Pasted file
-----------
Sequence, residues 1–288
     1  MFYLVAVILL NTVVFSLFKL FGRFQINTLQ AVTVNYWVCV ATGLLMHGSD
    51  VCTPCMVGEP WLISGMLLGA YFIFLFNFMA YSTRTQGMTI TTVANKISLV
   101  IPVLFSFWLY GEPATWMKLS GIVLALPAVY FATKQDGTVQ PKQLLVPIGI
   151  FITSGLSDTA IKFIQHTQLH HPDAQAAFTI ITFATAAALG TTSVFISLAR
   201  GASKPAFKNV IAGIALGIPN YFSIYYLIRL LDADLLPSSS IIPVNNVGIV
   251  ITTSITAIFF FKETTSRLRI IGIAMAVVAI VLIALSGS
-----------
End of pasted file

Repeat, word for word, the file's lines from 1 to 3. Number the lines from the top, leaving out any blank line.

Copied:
Sequence, residues 1–288
     1  MFYLVAVILL NTVVFSLFKL FGRFQINTLQ AVTVNYWVCV ATGLLMHGSD
    51  VCTPCMVGEP WLISGMLLGA YFIFLFNFMA YSTRTQGMTI TTVANKISLV